AMD Radeon Rx Vega 56 Review: Specs, Performance Detailed
The AMD Radeon RX Vega 56 is a commendable opponent of NVIDIA GTX 1070. This GPU was able to exceed the latter’s performance, which prompts the American multi-national company to launch the GTX 1070 Ti. Without further ado here’s detailed specs and performance about the Radeon RX Vega 56.
AMD Radeon RX Vega 56 Design
The AMD Radeon RX Vega 56 is a cut-rate version of the RX Vega 64 and is consequently very comparable both internal and external attributes. When it comes to the design, both cards appear boxy but attractive devices. These GPUs feature a metal housing with a single inbuilt fan and a full-length metal back plate.
The 28cm long dual-slot board, AMD Radeon RX Vega 56 flaunts four monitor outputs, which includes three DisplayPort 1.4 and a single HDMI 2.0b connector. These let ‘Eyefinity’ multi-monitor systems, 4K displays and HDR. Nevertheless, it doesn’t have a DVI connector, but the user can hook up a DVI monitor using an adapter. The AMD Radeon RX Vega 56 needs two 8-pin PCI-E power connectors next to which is a row of LEDs automated to show GPU performance.
AMD Radeon RX Vega 56 Specs
It can be perceived that the specs of AMD Radeon RX Vega 56 are pretty much equal to the RX Vega 64 except that it has 56 compute units empowered rather than the full 64 compute units of AMD’s flagship model. This board is assessed at a fairly high 210 Watts.
The AMD Radeon RX Vega 56 GPU arrives featuring 3584 Stream processors empowered rather than the Vega 64’s 4096. It also comes with a somewhat lower base clock speed of 1156 MHz rather than 1,274 MHz. The AMD Radeon RX Vega 56 will augment up to 1,471 MHz under load in its default configuration.
Similar to its brothers, the AMD Radeon RX Vega 56 has 8GB of AMD’s ‘HBM2′ high bandwidth memory. This card delivers up to 410 GB/s compared with the 484 GBs on the Vega 64. This signifies a welcome doubling of the 4GB available on the previous ‘RX Fury’ boards and finally lets AMD to compete against equivalent NVIDIA boards having the same memory. AMD’s new High-Bandwidth Cache Controller (HBCC) also permits the RX Vega boards to access your PC’s system memory at high speed. This possibly gives you games access to huge sums of total RAM.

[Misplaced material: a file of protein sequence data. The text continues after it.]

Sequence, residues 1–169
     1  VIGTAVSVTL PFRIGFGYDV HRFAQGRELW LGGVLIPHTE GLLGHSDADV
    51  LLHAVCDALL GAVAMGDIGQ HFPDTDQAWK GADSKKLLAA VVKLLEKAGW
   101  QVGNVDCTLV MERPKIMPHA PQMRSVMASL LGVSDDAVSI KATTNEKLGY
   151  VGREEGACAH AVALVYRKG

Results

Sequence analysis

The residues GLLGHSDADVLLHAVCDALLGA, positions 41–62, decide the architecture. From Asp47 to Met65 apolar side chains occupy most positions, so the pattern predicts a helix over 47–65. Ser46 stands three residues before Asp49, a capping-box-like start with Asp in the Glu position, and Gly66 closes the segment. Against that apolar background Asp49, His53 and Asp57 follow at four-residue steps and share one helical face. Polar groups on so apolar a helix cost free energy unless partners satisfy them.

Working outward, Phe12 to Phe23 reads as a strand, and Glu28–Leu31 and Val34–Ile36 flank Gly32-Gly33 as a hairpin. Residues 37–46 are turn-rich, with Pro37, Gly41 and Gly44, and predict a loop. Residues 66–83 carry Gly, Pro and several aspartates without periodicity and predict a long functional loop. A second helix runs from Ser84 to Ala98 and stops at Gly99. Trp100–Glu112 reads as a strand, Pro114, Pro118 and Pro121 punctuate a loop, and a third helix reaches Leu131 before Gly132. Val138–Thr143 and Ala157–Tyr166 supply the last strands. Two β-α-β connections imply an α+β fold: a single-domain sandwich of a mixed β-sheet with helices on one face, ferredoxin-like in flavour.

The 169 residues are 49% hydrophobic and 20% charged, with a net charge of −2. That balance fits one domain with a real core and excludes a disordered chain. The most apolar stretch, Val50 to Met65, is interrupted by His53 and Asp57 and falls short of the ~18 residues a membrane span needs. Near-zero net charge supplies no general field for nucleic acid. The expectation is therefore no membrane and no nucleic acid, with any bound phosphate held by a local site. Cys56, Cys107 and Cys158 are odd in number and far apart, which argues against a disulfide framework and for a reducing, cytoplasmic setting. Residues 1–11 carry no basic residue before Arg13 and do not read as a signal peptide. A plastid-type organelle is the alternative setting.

The RX Vega also conveys support for DirectX 12.1 rather than 12.0 reinforced by the RX 5xx series. It will also let more high-resolution displays to be attached at the same time.
AMD Radeon RX Vega 56 Performance
The AMD Radeon RX Vega 56 is a huge boost from the Radeon RX 580, and only a little behind the more expensive Radeon RX Vega 64, which is more expensive. This places it in a fascinating position a little in advance of Nvidia’s GTX 1070. This seems to be the inspiration behind NVIDIA countering with the new GTX 1070 Ti.
AMD’s newest card trades blows with the GTX 1070 and often outperforms the later. This basically implies a solid performance at 2560×1440 with 60 fps and you could even have a go at 4K resolutions. The Radeon RX Vega 56 is also a solid VR performer, delivering effortlessly enough power for smooth gameplay on existing hardware.
When compared to the RX Vega 64, AMD Radeon RX Vega 56 has an approximately 10 percent lower performance but at a much more inexpensive price. This means you’ll be capable of playing the same games at approximately similar settings while saving a fair bit of money.
These are some of the information you may want to know about the AMD Radeon RX Vega 56. What can you say about its specs and performance? Please share your opinions and thoughts through the comment section below.